DP9299 | Not the Opium of the People: Income and Secularization in a Panel of Prussian Counties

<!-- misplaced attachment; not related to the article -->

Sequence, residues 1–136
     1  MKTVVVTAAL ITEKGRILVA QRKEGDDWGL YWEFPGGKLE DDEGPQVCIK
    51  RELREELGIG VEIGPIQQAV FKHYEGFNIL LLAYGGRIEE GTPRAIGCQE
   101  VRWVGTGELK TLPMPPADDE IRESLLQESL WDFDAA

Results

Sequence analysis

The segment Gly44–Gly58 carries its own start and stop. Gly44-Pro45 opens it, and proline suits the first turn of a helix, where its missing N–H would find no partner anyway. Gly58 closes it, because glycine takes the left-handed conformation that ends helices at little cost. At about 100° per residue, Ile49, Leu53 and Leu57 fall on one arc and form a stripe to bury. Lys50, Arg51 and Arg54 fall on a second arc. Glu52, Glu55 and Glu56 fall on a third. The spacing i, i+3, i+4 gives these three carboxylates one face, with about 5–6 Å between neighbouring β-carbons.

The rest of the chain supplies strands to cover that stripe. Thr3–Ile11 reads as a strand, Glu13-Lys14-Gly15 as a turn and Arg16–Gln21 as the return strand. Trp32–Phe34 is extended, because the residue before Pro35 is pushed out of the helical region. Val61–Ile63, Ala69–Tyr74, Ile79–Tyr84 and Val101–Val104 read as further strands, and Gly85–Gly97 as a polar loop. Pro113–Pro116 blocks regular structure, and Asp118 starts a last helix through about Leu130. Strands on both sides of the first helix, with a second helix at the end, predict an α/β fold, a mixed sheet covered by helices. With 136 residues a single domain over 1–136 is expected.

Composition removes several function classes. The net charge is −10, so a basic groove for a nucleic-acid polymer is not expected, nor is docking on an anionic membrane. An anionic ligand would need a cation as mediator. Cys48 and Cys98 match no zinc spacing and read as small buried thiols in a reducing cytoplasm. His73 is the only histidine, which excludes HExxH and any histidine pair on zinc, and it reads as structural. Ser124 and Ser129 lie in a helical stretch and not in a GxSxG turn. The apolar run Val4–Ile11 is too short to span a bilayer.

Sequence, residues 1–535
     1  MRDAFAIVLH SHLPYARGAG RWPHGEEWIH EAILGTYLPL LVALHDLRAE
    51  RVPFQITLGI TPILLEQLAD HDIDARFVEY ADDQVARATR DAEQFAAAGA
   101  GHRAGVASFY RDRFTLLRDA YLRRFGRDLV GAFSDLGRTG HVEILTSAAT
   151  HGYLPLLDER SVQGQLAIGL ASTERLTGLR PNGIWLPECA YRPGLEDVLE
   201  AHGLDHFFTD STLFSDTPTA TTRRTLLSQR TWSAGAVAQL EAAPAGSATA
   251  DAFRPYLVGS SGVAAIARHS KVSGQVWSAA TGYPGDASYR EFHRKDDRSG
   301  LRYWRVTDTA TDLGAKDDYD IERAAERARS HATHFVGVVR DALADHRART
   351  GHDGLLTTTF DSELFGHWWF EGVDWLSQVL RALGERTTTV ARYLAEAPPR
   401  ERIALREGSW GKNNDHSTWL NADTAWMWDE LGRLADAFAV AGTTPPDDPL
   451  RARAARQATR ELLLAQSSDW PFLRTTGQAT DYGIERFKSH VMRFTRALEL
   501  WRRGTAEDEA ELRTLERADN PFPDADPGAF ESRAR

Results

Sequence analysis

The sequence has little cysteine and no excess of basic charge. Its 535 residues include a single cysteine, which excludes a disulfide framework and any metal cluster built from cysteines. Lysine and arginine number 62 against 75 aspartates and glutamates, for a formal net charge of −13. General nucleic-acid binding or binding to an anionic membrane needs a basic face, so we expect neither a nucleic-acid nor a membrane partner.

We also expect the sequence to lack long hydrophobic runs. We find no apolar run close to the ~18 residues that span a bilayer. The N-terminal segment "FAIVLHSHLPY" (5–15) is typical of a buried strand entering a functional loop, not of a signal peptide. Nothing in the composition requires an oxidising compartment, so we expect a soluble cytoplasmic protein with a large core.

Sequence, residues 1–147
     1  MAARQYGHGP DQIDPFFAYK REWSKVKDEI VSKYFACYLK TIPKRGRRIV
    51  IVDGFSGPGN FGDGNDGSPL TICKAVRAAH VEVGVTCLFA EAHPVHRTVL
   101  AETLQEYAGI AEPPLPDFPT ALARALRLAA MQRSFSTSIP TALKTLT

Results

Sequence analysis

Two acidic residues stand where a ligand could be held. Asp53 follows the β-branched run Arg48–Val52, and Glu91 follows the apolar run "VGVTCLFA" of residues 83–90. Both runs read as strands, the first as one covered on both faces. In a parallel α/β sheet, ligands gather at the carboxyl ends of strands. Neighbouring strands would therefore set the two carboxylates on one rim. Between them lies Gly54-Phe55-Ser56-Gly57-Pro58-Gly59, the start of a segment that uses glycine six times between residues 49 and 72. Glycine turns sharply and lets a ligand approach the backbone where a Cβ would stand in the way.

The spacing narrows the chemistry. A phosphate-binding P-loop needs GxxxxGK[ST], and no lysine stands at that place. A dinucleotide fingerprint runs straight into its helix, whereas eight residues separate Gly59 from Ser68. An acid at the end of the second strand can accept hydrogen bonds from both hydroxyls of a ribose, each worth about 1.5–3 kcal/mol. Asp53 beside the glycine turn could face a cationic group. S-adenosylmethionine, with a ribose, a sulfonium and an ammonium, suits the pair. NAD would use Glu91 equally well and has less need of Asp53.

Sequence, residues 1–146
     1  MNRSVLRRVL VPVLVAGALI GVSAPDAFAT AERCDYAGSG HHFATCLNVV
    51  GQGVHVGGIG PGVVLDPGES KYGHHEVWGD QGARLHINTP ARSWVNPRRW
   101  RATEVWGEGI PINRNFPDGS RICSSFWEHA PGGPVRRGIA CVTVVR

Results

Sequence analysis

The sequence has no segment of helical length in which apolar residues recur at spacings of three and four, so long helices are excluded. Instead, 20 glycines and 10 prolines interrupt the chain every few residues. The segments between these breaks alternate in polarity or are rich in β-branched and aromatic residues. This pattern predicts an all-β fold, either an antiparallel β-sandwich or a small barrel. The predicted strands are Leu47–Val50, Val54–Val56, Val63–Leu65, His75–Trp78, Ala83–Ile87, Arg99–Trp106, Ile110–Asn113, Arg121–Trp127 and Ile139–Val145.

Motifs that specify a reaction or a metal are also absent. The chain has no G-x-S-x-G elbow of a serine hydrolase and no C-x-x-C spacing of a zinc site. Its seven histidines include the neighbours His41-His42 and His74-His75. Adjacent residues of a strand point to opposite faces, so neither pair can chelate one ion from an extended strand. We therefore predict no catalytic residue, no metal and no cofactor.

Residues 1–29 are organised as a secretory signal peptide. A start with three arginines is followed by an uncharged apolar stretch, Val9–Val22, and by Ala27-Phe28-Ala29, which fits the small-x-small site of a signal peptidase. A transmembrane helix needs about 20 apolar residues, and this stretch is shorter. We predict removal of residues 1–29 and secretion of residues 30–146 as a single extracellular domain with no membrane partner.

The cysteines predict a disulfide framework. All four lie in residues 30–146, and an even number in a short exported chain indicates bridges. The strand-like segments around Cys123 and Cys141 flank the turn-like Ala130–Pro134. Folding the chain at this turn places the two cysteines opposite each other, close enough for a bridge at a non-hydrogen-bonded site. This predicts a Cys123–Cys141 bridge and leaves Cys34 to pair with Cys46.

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The interplay between religion and the economy has occupied social scientists for long. We construct a unique panel of income and Protestant church attendance for six waves of up to 175 Prussian counties spanning 1886-1911. The data reveal a marked decline in church attendance coinciding with increasing income. The cross-section also shows a negative association between income and church attendance. But the association disappears in panel analyses, including first- differenced models of the 1886-1911 change, panel models with county and time fixed effects, and panel Granger-causality tests. The results cast doubt on causal interpretations of the religion- economy nexus in Prussian secularization.